Canadian Identity in David French's "Mercer Plays"

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“The culture of a nation is said to be the expression of the character of that nation. Canadian culture is held to be the mirror that reflects the lives, histories, and identities of Canadians.” (Statistics Canada)Over the course of our country’s existence there has been an ongoing debate of whether or not Canada has its own national identity. Some would argue that it doesn’t, and that its lack of identity is what helps the country to be more welcoming and culturally vast, while others would argue that it is exactly this type of adaptation to other cultures that is distinctly Canadian and therefore a trait of our national identity.“When the word ‘culture’ is combined with the adjective ‘Canadian,’ the problem is compounded. It is made even more difficult when ‘culture’ is combined with ‘identity’ in such phrases as ‘the cultural identity of Canadians.” (Mathews, 7) So what is our identity? What about us makes us distinctly Canadian? We like our beer and our hockey, is that it? According to one playwright from Newfoundland, there’s much more than that. David French was born in Coley’s Point, Newfoundland in 1939, and moved to Toronto with his family when he was just 6 years old. Even though he moved away at such a young age, the province, town, and the people have a significant impact on his works, especially in the ‘Mercer’ plays. “I remember the first six years of my life vividly” said David French in an article for the Halifax Herald in 1999. He has experienced two different cultures in his lifetime, that of the Newfoundlander, and that of the Torontonian, and those six years greatly influenced French’s work, specifically Leaving Home, Of the Fields, Lately, Salt-Water Moon, 1949 and Soldier’s Heart. At first glance one might think that the plays revolve around Newfoundland’s nationalism during its pre-Confederation period, but on closer inspection you’ll see that they aren’t just about Newfoundland, but about Canada’s history, and much of what actually makes up the Canadian identity. Each of these plays debuted at the Tarragon theatre in Toronto, under the direction of Bill Glassco. Leaving Home practically saved the Tarragon from financial ruin in its first years of business. Torontonians were drawn to the Tarragon, because anyone who can call themselves Canadian have something to relate to in the Mercer plays. Toronto and Newfoundland may be worlds away from each other, but family is family, war is war, love is love...wherever we are in Canada. David French not only exhibits what it is to be Canadian in all of his Mercer plays, but he also makes his Canadian readers appreciate being from this wonderful country.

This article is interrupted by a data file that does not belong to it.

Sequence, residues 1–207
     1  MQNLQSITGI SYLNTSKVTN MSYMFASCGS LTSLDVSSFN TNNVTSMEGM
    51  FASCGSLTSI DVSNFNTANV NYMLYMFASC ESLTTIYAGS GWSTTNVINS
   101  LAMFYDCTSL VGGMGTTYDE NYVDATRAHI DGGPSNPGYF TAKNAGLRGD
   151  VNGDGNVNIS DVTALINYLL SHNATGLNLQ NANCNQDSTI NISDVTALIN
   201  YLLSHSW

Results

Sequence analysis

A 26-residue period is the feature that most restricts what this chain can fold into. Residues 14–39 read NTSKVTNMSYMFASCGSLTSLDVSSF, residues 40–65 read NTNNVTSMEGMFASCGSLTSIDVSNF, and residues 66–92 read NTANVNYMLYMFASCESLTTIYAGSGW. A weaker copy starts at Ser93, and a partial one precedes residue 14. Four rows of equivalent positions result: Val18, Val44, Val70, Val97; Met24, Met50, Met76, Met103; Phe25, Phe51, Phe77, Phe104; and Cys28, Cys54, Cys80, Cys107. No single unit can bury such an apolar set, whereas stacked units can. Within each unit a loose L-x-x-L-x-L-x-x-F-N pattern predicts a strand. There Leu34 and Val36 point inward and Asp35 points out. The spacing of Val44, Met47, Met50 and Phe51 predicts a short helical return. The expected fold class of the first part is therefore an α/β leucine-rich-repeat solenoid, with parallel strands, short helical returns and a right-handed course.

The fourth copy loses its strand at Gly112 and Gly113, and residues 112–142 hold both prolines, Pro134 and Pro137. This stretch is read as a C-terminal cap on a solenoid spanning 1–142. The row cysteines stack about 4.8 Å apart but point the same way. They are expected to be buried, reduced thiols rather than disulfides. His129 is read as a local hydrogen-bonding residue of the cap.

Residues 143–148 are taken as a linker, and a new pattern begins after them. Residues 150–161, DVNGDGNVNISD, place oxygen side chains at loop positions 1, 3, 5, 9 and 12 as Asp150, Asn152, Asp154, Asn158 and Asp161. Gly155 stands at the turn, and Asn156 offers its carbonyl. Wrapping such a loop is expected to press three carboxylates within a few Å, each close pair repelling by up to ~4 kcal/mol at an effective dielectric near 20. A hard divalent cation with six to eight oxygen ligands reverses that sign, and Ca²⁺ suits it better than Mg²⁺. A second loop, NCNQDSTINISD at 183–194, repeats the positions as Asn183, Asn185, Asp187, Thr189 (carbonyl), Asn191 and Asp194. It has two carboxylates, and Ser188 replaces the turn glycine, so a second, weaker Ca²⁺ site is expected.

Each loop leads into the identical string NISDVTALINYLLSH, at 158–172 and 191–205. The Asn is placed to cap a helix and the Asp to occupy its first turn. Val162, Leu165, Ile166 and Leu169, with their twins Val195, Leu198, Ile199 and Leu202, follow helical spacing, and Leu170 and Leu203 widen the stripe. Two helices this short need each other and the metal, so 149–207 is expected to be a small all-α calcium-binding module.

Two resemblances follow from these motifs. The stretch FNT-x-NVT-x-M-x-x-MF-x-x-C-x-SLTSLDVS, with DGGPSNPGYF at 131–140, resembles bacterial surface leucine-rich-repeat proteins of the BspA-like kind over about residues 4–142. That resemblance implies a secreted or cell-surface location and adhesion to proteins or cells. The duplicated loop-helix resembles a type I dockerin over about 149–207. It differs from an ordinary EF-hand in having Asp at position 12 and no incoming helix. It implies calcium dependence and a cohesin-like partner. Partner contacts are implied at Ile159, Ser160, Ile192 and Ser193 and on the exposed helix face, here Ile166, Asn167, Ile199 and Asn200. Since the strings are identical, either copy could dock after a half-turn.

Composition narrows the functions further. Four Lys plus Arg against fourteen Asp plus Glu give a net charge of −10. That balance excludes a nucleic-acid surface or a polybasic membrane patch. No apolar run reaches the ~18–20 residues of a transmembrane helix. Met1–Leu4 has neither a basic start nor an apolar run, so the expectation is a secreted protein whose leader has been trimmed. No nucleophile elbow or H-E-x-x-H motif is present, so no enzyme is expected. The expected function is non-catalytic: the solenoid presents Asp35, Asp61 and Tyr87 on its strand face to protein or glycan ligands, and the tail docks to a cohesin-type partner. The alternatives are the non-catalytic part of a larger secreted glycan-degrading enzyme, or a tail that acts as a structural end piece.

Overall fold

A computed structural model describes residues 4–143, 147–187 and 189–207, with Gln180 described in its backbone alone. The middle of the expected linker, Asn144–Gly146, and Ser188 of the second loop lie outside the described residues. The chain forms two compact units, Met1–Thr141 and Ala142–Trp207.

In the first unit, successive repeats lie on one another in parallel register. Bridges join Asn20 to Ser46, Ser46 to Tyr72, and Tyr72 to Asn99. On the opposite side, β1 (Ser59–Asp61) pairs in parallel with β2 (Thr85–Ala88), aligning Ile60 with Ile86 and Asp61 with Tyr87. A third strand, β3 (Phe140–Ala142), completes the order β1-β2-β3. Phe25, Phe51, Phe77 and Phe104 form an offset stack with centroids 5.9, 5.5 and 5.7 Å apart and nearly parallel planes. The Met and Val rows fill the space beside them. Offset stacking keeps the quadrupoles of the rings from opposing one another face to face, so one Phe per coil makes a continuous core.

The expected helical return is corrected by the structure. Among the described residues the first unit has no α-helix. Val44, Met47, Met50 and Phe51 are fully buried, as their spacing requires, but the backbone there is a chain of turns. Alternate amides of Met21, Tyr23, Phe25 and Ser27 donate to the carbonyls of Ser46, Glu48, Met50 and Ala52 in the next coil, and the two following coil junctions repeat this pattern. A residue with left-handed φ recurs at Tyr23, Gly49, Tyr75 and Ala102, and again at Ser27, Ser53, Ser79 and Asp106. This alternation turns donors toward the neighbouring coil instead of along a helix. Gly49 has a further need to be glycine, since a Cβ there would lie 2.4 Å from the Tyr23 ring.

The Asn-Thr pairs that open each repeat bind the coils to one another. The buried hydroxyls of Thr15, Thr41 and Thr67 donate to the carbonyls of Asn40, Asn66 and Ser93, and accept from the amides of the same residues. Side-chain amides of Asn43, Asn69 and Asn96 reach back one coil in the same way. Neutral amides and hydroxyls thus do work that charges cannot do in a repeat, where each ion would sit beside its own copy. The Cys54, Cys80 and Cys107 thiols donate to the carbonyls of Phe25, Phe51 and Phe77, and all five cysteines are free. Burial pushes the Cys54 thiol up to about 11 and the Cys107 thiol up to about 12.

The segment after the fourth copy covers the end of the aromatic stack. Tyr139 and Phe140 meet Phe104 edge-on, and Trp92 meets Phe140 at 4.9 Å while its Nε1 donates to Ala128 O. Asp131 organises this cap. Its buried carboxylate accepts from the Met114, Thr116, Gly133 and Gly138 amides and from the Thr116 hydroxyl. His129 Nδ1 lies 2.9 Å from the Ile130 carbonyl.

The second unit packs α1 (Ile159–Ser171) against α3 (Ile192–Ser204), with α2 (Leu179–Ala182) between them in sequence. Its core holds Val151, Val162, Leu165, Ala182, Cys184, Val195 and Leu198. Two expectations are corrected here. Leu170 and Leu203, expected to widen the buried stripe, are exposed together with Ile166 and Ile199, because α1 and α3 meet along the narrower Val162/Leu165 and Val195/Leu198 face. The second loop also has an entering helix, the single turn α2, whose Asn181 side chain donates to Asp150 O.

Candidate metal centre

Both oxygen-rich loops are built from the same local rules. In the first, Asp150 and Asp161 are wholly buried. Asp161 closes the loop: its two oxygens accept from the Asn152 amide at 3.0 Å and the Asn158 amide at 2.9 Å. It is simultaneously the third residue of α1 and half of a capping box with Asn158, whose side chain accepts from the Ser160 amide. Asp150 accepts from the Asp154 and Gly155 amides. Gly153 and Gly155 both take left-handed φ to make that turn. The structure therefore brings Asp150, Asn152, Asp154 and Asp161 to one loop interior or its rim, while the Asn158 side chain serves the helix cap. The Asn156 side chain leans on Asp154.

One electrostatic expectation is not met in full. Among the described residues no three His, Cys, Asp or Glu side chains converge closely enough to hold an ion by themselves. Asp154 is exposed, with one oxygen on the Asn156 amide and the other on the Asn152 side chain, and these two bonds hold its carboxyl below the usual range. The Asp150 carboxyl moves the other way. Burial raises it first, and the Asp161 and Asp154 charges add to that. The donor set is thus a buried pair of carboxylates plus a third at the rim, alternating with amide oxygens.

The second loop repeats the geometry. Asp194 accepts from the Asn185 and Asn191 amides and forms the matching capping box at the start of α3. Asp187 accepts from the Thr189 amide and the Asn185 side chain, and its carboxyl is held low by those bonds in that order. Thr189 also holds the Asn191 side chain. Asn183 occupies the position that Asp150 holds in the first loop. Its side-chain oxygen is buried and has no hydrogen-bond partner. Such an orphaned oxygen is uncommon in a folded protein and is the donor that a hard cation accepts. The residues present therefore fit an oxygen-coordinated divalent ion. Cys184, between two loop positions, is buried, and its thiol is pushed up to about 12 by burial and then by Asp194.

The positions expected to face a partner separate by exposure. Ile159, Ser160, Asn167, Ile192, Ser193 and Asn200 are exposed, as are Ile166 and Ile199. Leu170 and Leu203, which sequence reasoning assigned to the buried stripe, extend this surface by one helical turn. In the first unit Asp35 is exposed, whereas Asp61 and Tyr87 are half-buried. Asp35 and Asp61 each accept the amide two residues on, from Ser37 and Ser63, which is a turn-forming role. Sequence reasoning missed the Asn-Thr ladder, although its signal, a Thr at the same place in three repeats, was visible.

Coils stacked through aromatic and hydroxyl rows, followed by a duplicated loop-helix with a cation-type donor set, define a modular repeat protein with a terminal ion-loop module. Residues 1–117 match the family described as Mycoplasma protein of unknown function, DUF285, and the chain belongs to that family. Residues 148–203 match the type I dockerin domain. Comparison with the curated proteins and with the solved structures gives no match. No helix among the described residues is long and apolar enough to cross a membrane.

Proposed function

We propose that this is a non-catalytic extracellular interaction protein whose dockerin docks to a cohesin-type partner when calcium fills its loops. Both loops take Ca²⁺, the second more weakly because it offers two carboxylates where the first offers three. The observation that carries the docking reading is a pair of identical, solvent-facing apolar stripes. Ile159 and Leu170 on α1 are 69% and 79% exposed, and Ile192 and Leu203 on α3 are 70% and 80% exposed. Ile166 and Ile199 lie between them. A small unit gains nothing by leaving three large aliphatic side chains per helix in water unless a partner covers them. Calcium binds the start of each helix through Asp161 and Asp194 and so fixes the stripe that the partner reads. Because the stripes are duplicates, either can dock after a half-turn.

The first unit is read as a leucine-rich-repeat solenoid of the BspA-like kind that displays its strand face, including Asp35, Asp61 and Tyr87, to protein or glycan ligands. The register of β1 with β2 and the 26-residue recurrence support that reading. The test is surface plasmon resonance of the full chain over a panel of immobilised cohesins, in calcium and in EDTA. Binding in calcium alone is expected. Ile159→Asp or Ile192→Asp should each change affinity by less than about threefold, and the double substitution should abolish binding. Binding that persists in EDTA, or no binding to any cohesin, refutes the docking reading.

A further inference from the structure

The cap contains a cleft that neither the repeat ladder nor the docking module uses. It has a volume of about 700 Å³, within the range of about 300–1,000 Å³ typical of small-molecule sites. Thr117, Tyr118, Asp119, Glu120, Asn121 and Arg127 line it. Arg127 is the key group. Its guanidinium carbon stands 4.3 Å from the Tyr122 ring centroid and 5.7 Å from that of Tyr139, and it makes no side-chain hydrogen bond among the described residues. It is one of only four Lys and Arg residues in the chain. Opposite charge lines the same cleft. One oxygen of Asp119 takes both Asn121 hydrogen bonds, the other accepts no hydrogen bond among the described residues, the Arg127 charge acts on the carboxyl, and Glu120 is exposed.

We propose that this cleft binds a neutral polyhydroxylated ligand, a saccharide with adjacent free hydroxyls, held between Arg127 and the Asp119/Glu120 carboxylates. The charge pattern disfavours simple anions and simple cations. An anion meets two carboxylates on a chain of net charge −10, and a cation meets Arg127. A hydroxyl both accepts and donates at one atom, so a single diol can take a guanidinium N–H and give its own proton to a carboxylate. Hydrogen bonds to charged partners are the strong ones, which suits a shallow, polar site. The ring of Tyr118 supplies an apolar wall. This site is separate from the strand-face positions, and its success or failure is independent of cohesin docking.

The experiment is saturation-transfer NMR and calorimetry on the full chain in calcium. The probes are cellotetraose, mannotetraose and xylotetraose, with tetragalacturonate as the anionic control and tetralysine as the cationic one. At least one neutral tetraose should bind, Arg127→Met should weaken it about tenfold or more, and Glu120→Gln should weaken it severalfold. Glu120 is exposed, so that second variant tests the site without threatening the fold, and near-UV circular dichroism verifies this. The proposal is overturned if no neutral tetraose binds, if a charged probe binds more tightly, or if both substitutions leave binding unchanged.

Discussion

Canada is a relatively young country, and has been overwhelmed with the neighbouring, and older, United States, whose national identity is said to dominate us and prevent us from having our own. “Canadian identity lives in a process of tension and argument, a conflict of opposites which often stalemate, often are forced to submit to compromise (mostly to the United States’ standards), but which – so far in our history – have not ended in final resolution.” (Mathews, 1) However, our identity becomes a little clearer as French addresses several things which, although not totally specific to Canadians, can be easily identified with: geography, religion, European heritage, political issues and participation in the wars, as well as cultural traditions and values. In Leaving Home and Of the Fields, Lately, we see two sides of Canadian identity: Jacob, the strong, surly carpenter from Newfoundland, who still has his accent, is old fashioned, ignorant but sensitive, stubborn and arrogant, and Ben, who is distinctly more urbanized than Jacob, more modern, and less traditional, but still stubborn and arrogant. With these two characters we are introduced to several themes of Canadian identity; changing family values, and the dichotomy between rural and urban, i.e. the differences between Newfoundland and Toronto. In...
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